There is also, of course, the bias of the reviewer. As a retired professional musician and broadcaster, I am a big fan of "neutrality." I love live music, but recordings have unique sonic signatures, and I want to hear those signatures clearly. I am a definition and imaging enthusiast. I'm not a big fan of using cables as passive equalizers, but we all do it. Some of us use only one manufacturer's designs throughout our systems, to enhance predictability or because we like the designer's biases. Some use a cocktail of cable types to create the best sound. Neither approach is wrong, and I've done both. The goal for me is achieving uncolored, untainted, neutral reproduction. If the source disc is luscious and warmly musical, I want to hear that. If it's hot and thin, I want to hear that, too (for about five minutes). The ideal cable should get out of the way of the music, not render it more musical or less musical. The Cardas Golden Reference interconnects have a sound. They are very musical and ripe. Let's approach them one sonic parameter at a time.
The Golden Reference cables have tons of definition. Backgrounds are not as black as my reference cables, or as quiet, so subtle sounds did not pop the way they usually do. The Golden Reference cables tend to enhance the powerful and slightly obscure the subtle.
Textures and layering were excellent. The lusciousness of the musical presentation was undeniable. At one point, I thought violins sounded jellied (i.e., ultra liquid) and bass fiddles even more bold. These cables bring you a few rows closer to the event, and create a musical flow that pulls you into the performance. It was not exactly a coloration I heard, as it was not predictable. I felt that I was experiencing a philosophy of sound reproduction.
The highs were exquisite, with extended air and definition, though I did notice a slight dulling of flutes, cymbals, and such. Notes were slightly less silvery than absolutely real. Decay of transients was well reproduced, but slightly darkened. Older CDs were more listenable than I recalled. Surface noise and tape hiss were slightly reduced.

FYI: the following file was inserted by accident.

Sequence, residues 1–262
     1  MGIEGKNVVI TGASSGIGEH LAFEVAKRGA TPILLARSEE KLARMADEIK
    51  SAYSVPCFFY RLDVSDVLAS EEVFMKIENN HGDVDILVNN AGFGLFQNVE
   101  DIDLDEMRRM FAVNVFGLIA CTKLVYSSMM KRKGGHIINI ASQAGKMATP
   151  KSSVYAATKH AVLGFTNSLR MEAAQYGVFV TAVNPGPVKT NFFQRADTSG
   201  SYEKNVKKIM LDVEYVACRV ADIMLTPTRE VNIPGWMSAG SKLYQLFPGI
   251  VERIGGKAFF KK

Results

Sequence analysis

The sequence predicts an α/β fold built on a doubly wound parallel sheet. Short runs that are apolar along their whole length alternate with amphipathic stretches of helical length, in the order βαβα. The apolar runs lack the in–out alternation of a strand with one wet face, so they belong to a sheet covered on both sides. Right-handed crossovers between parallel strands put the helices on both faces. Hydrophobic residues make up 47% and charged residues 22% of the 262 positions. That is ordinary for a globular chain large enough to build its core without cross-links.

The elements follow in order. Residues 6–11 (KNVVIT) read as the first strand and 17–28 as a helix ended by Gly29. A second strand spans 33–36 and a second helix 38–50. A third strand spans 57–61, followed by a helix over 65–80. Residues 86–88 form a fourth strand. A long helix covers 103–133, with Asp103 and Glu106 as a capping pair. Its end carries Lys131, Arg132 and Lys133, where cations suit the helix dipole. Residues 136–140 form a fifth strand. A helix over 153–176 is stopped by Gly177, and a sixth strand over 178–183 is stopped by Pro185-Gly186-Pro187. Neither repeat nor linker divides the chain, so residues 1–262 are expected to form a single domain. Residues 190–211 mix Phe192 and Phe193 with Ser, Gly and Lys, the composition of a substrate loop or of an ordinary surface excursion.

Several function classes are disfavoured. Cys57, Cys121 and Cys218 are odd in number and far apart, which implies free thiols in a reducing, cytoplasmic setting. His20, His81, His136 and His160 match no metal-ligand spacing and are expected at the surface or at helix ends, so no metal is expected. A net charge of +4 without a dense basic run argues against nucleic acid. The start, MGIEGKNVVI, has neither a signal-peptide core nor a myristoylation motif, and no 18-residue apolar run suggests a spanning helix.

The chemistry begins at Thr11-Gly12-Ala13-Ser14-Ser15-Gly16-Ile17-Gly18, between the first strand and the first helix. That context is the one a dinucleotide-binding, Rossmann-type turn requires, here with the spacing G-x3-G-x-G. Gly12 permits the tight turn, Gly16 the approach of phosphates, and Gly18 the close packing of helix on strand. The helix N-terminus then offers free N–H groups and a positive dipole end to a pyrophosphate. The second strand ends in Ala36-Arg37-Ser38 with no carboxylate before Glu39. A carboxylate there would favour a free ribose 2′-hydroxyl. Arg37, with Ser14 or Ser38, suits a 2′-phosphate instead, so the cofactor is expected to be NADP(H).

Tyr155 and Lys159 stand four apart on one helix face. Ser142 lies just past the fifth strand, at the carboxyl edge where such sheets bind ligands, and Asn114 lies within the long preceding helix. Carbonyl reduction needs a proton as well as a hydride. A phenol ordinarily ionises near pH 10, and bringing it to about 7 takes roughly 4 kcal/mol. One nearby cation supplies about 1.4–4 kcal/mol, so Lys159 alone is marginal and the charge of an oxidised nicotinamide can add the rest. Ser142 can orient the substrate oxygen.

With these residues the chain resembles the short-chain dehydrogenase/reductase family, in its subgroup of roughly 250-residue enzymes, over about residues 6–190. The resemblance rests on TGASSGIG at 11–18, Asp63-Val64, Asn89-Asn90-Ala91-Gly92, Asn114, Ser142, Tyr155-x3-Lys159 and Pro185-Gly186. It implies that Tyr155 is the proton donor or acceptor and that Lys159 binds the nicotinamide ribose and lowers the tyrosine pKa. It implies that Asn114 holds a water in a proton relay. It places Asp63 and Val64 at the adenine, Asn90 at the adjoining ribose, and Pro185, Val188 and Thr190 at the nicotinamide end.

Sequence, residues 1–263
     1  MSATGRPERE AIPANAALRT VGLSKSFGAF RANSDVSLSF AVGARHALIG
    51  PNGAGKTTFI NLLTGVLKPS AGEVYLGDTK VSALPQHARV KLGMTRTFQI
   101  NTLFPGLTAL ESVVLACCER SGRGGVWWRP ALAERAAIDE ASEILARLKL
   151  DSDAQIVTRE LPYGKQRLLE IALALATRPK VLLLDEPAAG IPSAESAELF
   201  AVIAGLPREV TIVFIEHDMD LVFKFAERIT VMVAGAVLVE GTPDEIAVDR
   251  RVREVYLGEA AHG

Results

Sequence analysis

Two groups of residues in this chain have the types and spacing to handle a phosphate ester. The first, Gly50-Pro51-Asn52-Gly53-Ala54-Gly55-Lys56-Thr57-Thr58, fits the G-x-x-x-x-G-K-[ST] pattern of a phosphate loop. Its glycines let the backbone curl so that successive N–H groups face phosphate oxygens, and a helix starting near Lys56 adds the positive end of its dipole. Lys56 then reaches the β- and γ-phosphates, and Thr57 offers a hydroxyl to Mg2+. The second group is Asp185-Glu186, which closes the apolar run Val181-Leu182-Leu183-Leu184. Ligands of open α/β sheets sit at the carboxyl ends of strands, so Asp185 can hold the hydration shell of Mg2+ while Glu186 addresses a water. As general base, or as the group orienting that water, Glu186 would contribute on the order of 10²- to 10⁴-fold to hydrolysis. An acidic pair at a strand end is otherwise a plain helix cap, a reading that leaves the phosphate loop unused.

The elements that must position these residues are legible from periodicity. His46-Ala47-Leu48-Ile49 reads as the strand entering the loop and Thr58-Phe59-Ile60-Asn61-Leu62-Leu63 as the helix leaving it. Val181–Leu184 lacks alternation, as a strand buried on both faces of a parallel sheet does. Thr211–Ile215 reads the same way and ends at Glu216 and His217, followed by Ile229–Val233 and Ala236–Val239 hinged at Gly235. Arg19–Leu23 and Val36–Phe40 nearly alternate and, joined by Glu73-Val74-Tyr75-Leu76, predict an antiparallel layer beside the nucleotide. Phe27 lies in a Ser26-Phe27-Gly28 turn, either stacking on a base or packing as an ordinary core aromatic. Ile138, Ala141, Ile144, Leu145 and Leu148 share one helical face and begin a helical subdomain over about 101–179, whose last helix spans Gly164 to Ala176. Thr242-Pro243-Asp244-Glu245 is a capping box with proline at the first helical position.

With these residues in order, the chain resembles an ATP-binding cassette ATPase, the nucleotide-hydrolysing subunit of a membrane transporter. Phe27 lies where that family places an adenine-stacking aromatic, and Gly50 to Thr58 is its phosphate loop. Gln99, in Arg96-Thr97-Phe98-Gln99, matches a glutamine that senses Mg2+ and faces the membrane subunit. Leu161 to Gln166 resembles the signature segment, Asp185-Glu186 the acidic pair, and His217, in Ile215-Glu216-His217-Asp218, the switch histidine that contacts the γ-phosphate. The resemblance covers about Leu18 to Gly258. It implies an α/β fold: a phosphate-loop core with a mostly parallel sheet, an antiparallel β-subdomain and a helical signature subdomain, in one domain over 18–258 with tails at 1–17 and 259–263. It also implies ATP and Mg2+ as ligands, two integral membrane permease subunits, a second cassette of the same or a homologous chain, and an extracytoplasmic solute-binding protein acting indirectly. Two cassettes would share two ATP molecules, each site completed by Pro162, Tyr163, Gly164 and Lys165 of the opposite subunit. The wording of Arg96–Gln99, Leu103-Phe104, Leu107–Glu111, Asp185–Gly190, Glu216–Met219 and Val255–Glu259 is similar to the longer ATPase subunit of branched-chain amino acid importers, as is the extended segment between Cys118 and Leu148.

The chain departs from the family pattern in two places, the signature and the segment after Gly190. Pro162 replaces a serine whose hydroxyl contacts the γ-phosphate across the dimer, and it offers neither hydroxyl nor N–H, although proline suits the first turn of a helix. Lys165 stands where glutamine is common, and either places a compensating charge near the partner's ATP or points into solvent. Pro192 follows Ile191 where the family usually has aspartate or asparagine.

The mids had superb definition and rich textures, with a Row G sound. The Golden Reference cables yielded a vast soundstage and wonderful height. I was a bit unhappy with the focus of the instruments. These cables do not do "crisp," and are always slightly soft-focus. I recall J. Gordon Holt saying that in the absence of visual cues, audio cues have to be that much better. I like tight image specificity, and could not get the Golden Reference to give it to me the way my reference cables do. There was always a slight smear, and as a result, depth perspective was somewhat obscured. Back-of-the soundstage musical nuances were not as well rendered as those in the front.
These cables present lots of bass, and it goes deep. They possess a powerful sound, with great swagger. They made my reference cables (at the time Kimber Selects) sound a bit reticent, although at times, particularly on solo instruments, I felt that the added richness was fatter than reality. I have a very flat system, with NO midbass hump, but the Golden Reference gave the impression of a small hump. These cables are very euphonic. That seems to be part of George Cardas' design philosophy. You will have to judge for yourself.
I've never owned cables that had all the sonic attributes of the Golden Reference. Their rich texture and swagger, coupled with such strong detailing, has never been in my lexicon. Is it real? Is it accurate? Is it neutral? Using them as the long link between my preamp and amp was so profoundly impactful, I can say with utter certainty that their effect is not subtle. Maybe it's the combination of materials or the pattern of windings that causes them to virtually bubble with definition and power.
The Cardas Golden Reference interconnects reach for the Mount Olympus of sonic wonder, as only renowned audiophile George Cardas can produce. Their bold dynamics, rich textures, and utter musicality will entertain and delight. They are best used with systems on the lean side of neutrality. They must be tried by audiophiles on the hunt for unfailingly musical performance. Robert H. Levi
Golden Reference interconnects
Golden Reference speaker cables